Reply to post: Re: Why try to 'convince' creationists?

Take that, creationists: Boffins witness birth of new species in the lab

Richard Plinston Silver badge

Re: Why try to 'convince' creationists?

> Your own post is evidence that you're someone who "simply want to believe instead of knowing." and someone who will remain ignorance.

How ironic can you get ?

> (what, you think Darwin was the first?).

A common mistake, usually by creationists, is to claim that Darwin wrote a 'theory of evolution'. He did not. Evolution was well accepted as a process for decades before Darwin. His theory was about _how_ evolution occurred, or at least about how one part of it occurred. Other theories about the process preceded Darwin, such as Lamarck's. Other mechanisms include 'sexual selection'.

> We will finally be rid of this stupid organised religion called "evolution"

Evolution is a process that is observable. It is observable in the universe, it is observable in the fossil record, it is observable in this experiment. You probably equate "this stupid organised religion" with 'Darwinism' or even 'Neo-Darwinism' which is a discussion about how some of the processes operate. You are perfectly welcome to argue that 'selection is not natural' as long as you can bring some actual evidence. You can also argue that 'humans do not have a common ancestor with other monkeys' but you would have to show why all the evidence for this is wrong.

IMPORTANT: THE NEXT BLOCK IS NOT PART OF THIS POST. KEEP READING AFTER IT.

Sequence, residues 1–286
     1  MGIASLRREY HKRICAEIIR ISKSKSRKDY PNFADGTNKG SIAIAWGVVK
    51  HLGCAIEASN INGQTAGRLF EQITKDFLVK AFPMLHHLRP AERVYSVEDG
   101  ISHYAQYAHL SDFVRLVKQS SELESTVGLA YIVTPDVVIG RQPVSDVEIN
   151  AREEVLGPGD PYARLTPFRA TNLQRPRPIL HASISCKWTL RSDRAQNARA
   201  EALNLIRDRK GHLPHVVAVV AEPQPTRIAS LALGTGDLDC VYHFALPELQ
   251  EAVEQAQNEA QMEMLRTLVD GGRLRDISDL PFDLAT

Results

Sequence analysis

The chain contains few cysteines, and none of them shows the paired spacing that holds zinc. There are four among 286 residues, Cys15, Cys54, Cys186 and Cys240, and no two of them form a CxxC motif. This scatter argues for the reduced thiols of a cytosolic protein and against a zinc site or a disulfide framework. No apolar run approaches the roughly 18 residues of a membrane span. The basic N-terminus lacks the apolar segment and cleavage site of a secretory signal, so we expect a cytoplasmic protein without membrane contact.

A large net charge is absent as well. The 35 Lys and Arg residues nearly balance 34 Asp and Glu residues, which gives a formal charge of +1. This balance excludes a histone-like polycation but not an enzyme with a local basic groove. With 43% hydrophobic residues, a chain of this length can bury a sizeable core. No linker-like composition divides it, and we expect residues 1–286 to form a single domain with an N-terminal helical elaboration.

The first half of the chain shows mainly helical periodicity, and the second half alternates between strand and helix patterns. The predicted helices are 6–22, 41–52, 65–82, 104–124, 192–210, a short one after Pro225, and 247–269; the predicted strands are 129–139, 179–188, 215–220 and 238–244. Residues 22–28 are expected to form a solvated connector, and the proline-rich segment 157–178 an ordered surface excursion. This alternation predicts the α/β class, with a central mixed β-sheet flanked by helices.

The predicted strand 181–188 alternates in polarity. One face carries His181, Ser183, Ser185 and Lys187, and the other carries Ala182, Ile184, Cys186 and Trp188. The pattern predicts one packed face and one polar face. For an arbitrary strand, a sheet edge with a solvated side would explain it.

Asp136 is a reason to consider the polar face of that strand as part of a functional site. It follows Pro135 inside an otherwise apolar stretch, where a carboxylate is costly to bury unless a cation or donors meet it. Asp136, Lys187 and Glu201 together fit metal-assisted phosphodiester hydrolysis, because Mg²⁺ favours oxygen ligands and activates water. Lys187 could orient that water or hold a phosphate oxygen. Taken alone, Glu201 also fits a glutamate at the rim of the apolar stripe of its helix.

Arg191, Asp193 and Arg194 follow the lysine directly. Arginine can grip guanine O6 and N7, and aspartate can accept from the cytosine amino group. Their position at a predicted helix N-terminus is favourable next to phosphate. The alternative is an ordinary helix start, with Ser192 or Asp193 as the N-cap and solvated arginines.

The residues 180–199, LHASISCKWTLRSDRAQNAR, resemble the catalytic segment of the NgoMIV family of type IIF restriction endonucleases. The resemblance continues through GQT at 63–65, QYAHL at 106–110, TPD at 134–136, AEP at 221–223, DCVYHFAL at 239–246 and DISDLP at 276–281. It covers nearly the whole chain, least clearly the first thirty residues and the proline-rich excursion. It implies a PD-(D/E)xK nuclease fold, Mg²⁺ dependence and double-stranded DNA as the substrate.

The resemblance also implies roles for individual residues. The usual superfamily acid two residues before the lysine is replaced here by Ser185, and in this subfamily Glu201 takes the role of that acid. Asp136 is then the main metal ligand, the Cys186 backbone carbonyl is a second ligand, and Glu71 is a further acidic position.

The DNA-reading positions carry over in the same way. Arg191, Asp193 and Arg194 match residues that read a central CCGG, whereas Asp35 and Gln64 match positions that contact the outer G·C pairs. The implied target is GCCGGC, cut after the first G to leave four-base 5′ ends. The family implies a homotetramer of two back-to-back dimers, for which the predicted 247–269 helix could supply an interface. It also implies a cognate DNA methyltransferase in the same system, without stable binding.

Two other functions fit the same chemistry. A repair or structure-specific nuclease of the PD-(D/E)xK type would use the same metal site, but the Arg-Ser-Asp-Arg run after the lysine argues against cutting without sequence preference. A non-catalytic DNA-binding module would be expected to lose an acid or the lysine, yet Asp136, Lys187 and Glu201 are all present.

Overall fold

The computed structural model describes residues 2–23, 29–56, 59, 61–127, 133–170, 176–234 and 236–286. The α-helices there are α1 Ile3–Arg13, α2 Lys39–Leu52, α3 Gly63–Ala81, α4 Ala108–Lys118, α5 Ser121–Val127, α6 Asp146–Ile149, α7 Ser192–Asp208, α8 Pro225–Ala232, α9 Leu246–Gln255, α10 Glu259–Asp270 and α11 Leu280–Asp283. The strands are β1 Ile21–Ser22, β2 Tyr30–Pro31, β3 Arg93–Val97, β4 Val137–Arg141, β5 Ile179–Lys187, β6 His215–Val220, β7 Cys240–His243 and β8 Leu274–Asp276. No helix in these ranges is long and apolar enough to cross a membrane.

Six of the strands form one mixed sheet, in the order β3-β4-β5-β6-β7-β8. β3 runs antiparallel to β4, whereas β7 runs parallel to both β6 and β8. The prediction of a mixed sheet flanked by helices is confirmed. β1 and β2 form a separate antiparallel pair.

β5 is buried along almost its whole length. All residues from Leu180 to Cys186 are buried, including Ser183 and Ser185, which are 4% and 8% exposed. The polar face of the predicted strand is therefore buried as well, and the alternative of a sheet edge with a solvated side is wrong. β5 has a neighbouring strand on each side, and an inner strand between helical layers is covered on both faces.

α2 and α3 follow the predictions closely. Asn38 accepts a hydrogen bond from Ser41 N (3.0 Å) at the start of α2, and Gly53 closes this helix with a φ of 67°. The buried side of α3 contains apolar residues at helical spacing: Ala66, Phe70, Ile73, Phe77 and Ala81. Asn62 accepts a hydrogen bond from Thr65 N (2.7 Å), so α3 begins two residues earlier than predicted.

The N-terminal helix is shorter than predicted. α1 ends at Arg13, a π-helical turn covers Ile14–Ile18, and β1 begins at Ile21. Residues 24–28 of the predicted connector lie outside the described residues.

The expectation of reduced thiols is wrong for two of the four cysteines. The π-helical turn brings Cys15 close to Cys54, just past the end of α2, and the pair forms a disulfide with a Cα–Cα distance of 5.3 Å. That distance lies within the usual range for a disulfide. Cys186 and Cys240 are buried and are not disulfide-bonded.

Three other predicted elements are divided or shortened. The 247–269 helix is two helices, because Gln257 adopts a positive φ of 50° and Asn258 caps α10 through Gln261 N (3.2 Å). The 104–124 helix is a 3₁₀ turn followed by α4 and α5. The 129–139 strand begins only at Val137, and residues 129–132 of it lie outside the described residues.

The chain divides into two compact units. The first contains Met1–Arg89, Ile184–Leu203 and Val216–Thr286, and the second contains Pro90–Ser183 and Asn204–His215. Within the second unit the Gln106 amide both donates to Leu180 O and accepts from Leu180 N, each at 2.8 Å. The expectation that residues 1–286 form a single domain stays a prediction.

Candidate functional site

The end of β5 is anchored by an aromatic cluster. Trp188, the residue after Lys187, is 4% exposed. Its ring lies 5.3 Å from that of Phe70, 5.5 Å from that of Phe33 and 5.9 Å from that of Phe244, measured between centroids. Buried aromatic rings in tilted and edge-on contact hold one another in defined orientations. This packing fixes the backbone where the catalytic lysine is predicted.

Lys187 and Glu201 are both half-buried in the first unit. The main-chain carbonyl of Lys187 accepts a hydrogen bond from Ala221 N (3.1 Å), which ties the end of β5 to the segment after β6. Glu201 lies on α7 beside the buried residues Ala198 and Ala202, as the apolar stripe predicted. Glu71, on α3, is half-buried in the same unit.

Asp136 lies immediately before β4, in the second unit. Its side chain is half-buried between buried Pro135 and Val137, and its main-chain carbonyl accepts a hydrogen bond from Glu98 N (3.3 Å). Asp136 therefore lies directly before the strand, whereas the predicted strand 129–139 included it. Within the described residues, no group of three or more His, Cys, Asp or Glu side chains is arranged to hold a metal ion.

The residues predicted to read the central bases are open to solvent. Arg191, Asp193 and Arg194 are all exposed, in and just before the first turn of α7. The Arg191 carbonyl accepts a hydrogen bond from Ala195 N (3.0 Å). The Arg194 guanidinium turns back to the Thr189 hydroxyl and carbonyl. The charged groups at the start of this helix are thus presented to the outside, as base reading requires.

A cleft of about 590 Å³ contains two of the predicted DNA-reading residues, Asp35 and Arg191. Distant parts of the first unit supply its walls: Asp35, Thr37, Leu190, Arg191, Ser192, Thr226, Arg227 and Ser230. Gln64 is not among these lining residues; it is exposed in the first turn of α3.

> I would love to see more critical thinking taught in schools

You might like to try some of this yourself. Religion is not just 'Christian (creationism)' versus 'Neo-Darwinism'. There are thousands of different religions, and many variations within each of those. It is instructive to study a few of them and to contemplate their origins. For example Rastarianism (which I studied because my grandfather had been presented with a Lion Skin Cape in 1922 by Ras Tafari). This originated as a black power movement in the Caribbean after the English abolished slavery and the plantations had to import indentured Indians (mostly Hindu) as workers. It is a mix of Voodoo from the African ex-slaves, local West Indies native religions, imposed Christianity and various Hindu imports, such as hemp.

The study of the formation of religions should show, through the application of _actual_ 'critical thinking', rather than merely being critical, that they are a human mechanism designed to impose the will of the leader(s) upon the society they wish to create and/or rule over. In some sense the societies have evolved due to the religions. Those not belonging to the majority religion, or the most aggressive religion, in a society were 'selected away*' by banishment, persecution, wars, or genocide. This created cohesive cultures which could be classed as 'civilisation', but generally was not 'civil'.

Human thought has also evolved in many places, where we were able to avoid being persecuted by the various religions. The religions are still fighting back against this evolving of thought into science, they still want their dogma to rule.

> That God made everything in a relatively recent time frame has come out on top again and again for me,

And that puts you in the same class as the flat-earthers and alchemists.

* the basis of Darwin is not so much 'selection of the fittest', but its corollary: de-selection of the less fit, or of those that couldn't escape from the fittest.

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